Review: Going Clear: Scientology And The Prison Of Belief

Written by guest contributor Dave Fox

Over the next few weeks, I'll be counting down my top 5 films of 2015. Here's number 5, Alex Gibney's extraordinary documentary on the "Church" of Scientology.

You might not realise it, but there are good odds that at least some of your favourite celebrities are scientologists. Even if you're not a fan of well known Scientology godheads Tom Cruise and John Travolta, there are rafts of famous people still drinking L. Ron's Kool Aid, ranging from Beck to Jason Lee to Isaac Hayes. These days, Cruise is by far the most famous face associated with the Church, and largely thanks to his sofa jumping antics on Oprah, Scientology seems to be viewed as a kooky quasi-cult for the rich. Weird, sure, but harmless. If you're of that opinion, sit down and watch Going Clear and then see how you feel.

Writer-director Alex Gibney's compelling documentary is shot through with interviews with the journalist Lawrence Wright (on whose book the film is based) and former members, including Oscar-winning writer-director Paul Haggis, actor Jason Beghe, and most interestingly of all, Mark Rathbun (at one time the church's second-in-command) and Mike Rinder (formerly head of the church's "Office for Special Affairs"). The talking heads, though, are only half the story.

going-clear-posterLike the book on which it is based, Going Clear is divided into two distinct halves. First we're introduced to the birth of Scientology via its founding father, L. Ron Hubbard. The man Scientologists refer to as "LRH" was a pulp sci-fi writer, churning out over a thousand books to make a living (at a penny a word). He is presented as a pathological liar, a man given to fantasically embellishing his less-than-stellar military career or straight up inventing "field work" studying indigenous tribes.

Hubbard veered away from the sci-fi that was his stock in trade with his 1950 book Dianetics, an attempt at hard psychology fused with his own confusing worldview; taking in outer space and past lives. Surprisingly, Dianetics took hold in certain pockets of America and gave Hubbard a second career as a pyschologist, philospher and P.T. Barnum-esque showman. When Dianetics proved to be a passing fad, Hubbard repackaged his ideas and called it Scientology, and the utopian ideals it claimed to stand for ("a civilisation without war, without instanity, and without drugs") struck a cord in 1960's America, and the Church of Scientology was born.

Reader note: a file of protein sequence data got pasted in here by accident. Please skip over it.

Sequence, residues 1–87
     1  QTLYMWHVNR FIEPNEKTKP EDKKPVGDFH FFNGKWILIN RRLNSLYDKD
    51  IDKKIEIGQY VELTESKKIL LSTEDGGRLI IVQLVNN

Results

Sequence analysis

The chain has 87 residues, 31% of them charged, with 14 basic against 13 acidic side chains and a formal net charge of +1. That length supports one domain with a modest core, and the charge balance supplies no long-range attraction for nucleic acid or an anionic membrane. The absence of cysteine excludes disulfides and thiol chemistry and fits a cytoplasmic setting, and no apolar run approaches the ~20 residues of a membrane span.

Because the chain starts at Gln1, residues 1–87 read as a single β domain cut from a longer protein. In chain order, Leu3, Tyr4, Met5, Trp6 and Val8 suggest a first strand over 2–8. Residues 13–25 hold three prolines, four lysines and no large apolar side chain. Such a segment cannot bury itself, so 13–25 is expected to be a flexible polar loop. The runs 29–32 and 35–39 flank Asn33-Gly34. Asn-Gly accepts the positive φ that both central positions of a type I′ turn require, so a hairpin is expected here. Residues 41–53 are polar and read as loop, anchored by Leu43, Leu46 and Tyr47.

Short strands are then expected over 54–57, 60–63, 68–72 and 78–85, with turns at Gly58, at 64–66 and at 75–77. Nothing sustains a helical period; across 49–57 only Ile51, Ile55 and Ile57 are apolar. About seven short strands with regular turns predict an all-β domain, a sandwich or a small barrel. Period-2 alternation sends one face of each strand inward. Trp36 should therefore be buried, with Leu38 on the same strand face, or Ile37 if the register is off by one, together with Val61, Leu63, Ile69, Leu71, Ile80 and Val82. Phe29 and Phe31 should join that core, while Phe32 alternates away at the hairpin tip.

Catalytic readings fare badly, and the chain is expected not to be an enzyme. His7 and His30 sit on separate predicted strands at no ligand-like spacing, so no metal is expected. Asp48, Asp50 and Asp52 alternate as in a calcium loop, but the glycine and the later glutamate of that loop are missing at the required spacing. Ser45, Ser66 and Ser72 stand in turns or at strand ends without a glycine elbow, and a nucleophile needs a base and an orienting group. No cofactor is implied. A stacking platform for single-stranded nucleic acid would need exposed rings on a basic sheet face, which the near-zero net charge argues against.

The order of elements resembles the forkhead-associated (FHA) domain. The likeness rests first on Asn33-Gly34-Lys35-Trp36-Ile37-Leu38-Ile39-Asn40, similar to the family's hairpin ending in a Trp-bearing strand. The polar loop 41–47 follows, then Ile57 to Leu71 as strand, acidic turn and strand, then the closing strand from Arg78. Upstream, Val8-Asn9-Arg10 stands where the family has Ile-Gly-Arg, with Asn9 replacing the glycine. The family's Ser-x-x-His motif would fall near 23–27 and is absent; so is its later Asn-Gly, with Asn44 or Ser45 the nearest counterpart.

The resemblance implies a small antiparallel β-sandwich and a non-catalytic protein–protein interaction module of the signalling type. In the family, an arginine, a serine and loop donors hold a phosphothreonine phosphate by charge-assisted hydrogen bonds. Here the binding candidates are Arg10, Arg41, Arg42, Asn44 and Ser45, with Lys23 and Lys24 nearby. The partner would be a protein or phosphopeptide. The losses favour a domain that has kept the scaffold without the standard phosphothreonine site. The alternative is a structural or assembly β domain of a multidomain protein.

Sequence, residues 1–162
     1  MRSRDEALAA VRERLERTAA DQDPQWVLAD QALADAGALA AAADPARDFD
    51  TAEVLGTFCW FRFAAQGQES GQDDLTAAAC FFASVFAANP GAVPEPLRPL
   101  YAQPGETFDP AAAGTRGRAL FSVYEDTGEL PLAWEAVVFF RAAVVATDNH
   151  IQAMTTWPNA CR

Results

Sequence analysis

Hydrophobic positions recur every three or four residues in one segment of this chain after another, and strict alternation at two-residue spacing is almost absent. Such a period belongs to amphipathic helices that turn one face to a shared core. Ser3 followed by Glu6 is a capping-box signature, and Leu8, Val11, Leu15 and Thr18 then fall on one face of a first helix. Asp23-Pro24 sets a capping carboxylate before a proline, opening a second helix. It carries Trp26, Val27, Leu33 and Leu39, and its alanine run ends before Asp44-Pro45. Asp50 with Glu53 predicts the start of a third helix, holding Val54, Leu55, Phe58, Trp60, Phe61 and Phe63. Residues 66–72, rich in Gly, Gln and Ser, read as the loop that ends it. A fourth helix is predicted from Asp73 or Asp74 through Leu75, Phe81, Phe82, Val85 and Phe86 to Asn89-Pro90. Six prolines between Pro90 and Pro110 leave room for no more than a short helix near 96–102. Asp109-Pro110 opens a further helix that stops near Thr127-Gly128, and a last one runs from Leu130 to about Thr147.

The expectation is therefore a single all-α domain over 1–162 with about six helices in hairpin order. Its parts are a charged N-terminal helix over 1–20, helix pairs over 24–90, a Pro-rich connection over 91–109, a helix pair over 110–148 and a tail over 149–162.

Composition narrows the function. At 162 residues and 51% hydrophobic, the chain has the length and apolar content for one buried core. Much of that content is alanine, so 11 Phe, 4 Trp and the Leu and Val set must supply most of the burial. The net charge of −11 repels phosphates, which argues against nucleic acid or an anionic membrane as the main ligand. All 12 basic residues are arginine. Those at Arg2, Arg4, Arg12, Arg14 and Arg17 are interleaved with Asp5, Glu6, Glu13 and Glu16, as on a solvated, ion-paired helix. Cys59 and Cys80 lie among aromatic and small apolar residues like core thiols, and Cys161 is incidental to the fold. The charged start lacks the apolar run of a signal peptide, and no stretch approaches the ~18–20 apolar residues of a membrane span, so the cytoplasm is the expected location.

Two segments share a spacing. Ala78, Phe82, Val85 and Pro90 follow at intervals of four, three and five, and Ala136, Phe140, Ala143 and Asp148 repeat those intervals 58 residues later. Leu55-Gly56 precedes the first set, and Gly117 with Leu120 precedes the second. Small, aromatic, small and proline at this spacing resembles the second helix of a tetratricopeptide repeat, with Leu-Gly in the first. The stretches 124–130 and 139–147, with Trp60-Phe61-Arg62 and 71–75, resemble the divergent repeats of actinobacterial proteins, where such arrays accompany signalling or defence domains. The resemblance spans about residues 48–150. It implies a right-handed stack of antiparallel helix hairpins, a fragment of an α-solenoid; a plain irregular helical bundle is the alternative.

Of course, it was not recognised as a church and so, with the IRS hunting him for back taxes, Hubbard took to the seas and set up the church's "Sea Org.", a fleet of three ships, whose crewmates signed "billion year" contracts. During these segments of the film, those who saw The Master will shiver in recognition at the archive footage of Hubbard, the inspiration for Phillip Seymour Hoffman's character. Hubbard's mental state is somewhat danced around and it remains unclear whether he was simply scamming people for money or truly believed all the nonsense about thetans.

It's after Hubbard's death that Scientology goes from being a mentally unstable writer's wonky utopian vision to something far more sinister and scary. There was no succession plan in place following Hubbard's death in 1986, so David Miscavage took control. Miscavage looks and sounds like an 80's movie villain; the kind of guy who would bulldoze a youth centre to build a mall, or try to sack Andrew McCarthy for falling in love with a mannequin. In reality he's much worse even than that, and stories of espionage, blackmail, physical and mental abuse and the icy control he allegedly exerts over the likes of Tom Cruise, are too extensive to be listed here. Sufficed to say the testimony from the former church members interviewed (especially Rathburn and Rinder, who were close to Miscavage) is shocking and eye-opening.

Despite focusing with laser precision on dodgy church practices, Gibney avoids sensationalism. The film's tone is inquisative, Gibney is not necessarily aiming for headline grabbing revelations (though he gets some anyway), just to peek under the curtain to try and find out what really happens inside one of the world's most secretive organisation. The worrying thing is, there's almost certainly a lot more about it we don't know. There's not really much to criticise about the film, which is perfectly pitched and doesn't feel overlong despite the running time. It's a bit of shame they could not get interviews with any current church members, but as a title card at the end explains, they all either declined or ignored requests to participate.

Going Clear: Scientology And The Prison Of Belief is compelling - if sometimes horrying - viewing, and easily one of the best films of 2015, and I can't recommend it highly enough. Unless you're David Miscavage.


Score: 4/5


Going Clear: Scientology And The Prison Of Belief

Director: Alex Gibney

Writer: Alex Gibney

Studio: HBO

Running Time: 119 Minutes